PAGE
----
A process designed to fail


In chess, you can’t control the game unless you control the board. The same can be said about politics, and since virtually the birth of this republic, the state legislature has had arguably complete control of the congressional and legislative redistricting process.

After each census, states like New York are forced to draw new boundary lines — a controversial process that far too often is drowned in partisanship.

Nothing about redistricting is popular — especially when population declines force the legislature to remove congressional districts completely. And it’s why then-Gov. Andrew Cuomo introduced in 2011 what would eventually become a state constitutional amendment removing the redistricting process from the legislature, and instead put it in the hands of an “independent” commission.

“Independent” is in quotes, because it really wasn’t. The majority and minority parties in the legislature appoint four members, and then those eight members choose two more people who are not registered as members of either party. This commission would hold hearings, and then draw lines.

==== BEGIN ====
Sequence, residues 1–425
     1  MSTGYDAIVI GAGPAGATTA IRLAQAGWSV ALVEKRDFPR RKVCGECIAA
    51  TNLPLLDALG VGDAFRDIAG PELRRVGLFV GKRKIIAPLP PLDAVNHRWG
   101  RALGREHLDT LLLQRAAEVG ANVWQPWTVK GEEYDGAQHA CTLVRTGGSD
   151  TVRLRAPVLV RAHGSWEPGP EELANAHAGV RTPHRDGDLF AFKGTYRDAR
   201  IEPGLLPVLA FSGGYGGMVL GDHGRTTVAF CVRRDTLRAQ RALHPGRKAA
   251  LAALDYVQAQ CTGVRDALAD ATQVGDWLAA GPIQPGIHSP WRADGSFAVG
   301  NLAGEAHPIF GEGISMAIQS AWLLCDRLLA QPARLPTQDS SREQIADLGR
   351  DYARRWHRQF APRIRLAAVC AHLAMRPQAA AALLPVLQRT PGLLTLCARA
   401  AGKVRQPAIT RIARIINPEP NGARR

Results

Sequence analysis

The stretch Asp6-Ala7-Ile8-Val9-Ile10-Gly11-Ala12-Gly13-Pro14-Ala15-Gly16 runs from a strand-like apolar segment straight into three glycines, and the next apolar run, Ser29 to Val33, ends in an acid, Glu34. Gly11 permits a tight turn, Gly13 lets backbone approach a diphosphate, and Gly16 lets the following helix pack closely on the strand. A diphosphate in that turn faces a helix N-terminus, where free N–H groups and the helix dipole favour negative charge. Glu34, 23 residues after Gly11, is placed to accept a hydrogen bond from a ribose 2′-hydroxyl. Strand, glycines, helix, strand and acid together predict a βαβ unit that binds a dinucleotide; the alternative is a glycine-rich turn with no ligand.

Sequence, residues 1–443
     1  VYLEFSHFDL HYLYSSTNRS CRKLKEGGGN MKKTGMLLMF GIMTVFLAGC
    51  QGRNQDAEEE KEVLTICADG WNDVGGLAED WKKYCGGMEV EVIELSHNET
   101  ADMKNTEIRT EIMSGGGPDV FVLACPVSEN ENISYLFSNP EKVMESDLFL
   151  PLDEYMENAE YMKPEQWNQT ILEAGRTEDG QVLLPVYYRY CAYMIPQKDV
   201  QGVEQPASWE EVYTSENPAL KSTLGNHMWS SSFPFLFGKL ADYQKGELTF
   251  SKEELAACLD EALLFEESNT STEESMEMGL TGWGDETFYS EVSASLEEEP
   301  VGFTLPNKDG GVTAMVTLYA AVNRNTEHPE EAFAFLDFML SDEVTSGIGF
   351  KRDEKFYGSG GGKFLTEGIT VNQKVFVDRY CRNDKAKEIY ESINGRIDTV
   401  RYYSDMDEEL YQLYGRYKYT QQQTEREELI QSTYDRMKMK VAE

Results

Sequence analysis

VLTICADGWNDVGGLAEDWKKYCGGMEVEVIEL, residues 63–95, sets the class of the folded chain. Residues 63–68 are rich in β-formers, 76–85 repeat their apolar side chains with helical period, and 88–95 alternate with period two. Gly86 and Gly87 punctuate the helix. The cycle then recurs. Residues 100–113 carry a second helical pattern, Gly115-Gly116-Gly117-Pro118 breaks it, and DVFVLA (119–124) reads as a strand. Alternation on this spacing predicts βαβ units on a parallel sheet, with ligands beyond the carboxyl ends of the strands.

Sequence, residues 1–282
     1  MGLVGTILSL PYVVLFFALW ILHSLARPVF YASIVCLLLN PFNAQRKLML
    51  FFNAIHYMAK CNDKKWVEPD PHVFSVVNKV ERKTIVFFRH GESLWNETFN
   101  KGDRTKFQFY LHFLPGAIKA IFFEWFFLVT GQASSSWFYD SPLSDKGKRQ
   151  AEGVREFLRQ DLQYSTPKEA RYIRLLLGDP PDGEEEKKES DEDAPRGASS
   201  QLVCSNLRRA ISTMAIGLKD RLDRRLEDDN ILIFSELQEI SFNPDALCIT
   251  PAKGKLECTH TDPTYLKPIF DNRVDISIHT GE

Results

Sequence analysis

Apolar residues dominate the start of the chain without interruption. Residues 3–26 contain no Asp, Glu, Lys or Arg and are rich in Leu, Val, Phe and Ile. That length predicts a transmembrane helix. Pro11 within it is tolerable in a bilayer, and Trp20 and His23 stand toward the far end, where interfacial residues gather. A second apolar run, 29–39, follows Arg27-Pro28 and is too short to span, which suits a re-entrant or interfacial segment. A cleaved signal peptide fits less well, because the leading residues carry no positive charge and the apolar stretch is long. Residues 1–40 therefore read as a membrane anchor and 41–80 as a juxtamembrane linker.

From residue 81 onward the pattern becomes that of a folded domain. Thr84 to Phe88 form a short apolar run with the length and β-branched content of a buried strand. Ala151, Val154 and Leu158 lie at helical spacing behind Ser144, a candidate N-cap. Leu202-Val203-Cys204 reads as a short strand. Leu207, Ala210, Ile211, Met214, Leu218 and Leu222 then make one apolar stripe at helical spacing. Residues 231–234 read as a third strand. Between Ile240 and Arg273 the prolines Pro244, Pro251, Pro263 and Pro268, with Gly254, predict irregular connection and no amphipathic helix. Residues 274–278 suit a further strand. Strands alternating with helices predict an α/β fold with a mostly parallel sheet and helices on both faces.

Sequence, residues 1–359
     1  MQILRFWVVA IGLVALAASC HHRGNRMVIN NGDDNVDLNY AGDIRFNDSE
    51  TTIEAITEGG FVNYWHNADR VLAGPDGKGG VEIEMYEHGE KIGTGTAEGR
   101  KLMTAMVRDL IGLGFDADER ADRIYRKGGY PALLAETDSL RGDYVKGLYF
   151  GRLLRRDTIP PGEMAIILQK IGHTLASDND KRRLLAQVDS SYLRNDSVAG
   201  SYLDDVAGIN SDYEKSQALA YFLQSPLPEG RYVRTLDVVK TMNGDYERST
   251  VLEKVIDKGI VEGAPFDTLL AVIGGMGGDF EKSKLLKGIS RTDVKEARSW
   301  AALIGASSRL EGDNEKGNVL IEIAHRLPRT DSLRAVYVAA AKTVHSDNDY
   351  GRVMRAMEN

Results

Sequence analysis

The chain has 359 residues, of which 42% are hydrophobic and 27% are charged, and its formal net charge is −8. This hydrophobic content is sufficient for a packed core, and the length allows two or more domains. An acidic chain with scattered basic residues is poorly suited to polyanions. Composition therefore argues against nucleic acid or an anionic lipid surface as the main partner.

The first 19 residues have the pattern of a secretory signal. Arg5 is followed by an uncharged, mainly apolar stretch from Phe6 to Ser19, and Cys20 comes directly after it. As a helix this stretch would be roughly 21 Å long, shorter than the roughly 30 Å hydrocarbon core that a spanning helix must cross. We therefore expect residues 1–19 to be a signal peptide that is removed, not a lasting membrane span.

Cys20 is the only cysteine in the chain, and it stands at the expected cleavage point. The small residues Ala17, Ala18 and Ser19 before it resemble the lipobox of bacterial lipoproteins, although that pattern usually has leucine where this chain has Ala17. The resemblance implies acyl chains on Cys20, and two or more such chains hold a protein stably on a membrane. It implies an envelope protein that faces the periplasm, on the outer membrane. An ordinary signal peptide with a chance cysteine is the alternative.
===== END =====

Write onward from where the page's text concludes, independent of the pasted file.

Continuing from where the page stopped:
But even if this commission somehow found a way to agree on a final set of maps, it still required approval from the very legislature this power had been taken away from. And if the legislature rejected the commission’s maps at least twice, then lawmakers can resume their old role of drawing the districts to their liking.

It’s like buying your wife a bowling ball, with the finger holes drilled to fit your own grip.

Did anyone really believe an independent commission would craft district maps on its own that state lawmakers would approve? And surprise, this commission is struggling to get even a single map approved. Each day it looks more and more like this process will head straight back to the legislature: The last place this process should be.

Gerrymandering has been a problem  for centuries, yet we can’t seem to get out of our own way to prevent it. A slight shift of a district line here, and a tuck there, can be the difference between true representation, and an electorate skewed to support an elite few.

Representation is the very essence of democracy. But if we’re not drawing district lines fairly, then are we really represented?

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Redistricting, gerrymandering,